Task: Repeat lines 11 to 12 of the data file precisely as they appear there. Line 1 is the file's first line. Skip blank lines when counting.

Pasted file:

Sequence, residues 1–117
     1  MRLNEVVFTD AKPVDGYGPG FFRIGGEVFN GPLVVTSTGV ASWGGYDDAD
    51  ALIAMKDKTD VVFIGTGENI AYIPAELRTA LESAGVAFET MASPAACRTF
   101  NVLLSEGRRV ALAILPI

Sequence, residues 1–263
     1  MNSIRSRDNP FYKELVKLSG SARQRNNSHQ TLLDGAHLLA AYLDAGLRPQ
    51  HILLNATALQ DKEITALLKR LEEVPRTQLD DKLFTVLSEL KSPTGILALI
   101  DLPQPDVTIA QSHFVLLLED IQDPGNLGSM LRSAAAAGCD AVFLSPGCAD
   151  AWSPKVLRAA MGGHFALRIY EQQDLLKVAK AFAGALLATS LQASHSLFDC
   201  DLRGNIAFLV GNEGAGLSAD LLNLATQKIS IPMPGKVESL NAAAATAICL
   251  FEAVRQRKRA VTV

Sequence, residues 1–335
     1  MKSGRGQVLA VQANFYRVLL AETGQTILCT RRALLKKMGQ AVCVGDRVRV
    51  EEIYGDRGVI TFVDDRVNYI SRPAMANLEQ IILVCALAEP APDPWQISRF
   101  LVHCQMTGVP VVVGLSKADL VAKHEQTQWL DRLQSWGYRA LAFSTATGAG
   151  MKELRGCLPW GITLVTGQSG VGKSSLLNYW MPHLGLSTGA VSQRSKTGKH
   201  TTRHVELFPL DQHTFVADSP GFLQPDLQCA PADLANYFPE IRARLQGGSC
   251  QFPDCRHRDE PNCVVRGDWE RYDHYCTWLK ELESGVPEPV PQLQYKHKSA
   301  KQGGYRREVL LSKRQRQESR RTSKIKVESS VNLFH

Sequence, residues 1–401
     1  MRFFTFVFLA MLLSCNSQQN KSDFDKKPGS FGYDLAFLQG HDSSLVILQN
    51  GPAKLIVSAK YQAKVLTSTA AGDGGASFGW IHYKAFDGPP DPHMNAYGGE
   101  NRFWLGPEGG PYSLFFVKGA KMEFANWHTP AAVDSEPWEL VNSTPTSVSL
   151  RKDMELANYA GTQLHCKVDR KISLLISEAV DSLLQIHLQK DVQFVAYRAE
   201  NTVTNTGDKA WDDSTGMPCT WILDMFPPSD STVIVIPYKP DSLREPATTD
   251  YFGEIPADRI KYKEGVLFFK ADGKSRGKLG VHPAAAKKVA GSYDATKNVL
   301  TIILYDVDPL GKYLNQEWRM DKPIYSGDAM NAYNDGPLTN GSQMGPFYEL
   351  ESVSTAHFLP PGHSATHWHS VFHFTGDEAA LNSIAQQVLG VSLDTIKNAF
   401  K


   251  FEAVRQRKRA VTV

Sequence, residues 1–335